Big Words: A Movie You Must See

Neil Drumming's new film is a must-see for those disappointed with African-American visibility in shows like Mad Men and Girls.

Last year, Neil Drumming blogged for The Atlantic about making his first film. The movie -- Big Words -- is now complete. It premieres tonight in New York. Here is the The Times on Neil's film:

Weaving race, class, sexual orientation and politics -- as well as the evolution of rap music -- into a wistful tapestry of male disaffection, the film's writer and director, Neil Drumming, introduces three not-so-young men whose friendship fell apart 15 years earlier along with their rising hip-hop group....

As Mr. Drumming's whip-smart screenplay effects an uncomfortable group reunion, the film's playlike structure and relaxed rhythms perfectly frame conversations infused with pre-gentrification memories and music industry nostalgia. Throughout, his droll, insightful dialogue has a natural pop and sway that the actors clearly relish -- especially Yaya Alafia, magnificent as a coolly self-possessed dancer who sees right through John's smoke screen of apathy.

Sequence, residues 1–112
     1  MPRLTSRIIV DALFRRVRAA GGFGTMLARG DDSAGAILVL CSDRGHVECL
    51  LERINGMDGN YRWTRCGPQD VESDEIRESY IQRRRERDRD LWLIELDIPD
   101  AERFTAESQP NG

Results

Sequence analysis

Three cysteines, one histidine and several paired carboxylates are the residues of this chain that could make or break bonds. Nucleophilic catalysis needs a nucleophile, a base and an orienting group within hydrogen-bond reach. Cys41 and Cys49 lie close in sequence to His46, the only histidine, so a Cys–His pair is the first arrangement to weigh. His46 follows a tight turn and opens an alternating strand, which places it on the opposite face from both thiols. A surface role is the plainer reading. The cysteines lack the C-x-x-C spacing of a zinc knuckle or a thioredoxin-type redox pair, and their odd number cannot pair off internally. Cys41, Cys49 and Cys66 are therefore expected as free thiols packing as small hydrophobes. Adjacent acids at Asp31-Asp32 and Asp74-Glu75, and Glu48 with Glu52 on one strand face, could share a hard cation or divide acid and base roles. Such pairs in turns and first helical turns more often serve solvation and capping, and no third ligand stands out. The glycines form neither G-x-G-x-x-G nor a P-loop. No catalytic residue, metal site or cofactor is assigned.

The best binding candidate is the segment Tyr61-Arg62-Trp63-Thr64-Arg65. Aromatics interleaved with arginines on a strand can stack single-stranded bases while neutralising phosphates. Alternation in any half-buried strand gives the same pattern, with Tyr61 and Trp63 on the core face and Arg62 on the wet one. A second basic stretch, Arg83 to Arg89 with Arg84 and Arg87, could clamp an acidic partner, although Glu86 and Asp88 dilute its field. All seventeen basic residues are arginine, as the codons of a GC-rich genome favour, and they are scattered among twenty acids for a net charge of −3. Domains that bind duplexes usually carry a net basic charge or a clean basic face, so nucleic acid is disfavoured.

Warmly photographed by Cliff Charles, "Big Words" is an engrossing, coming-of-middle-age drama that shows how disappointment can fester and derail a life. By the end, hope and change seem possible but far from guaranteed.

It will come as no surprise that I wholly agree. Every single African-American who ever complained about not seeing "us" in all our complexity on shows like Girls or Mad Men has a moral obligation to see this film. You must tell your stories. Other people will not do it for you.

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Ta-Nehisi Coates is a national correspondent at The Atlantic, where he writes about culture, politics, and social issues. He is the author of the memoir The Beautiful Struggle.

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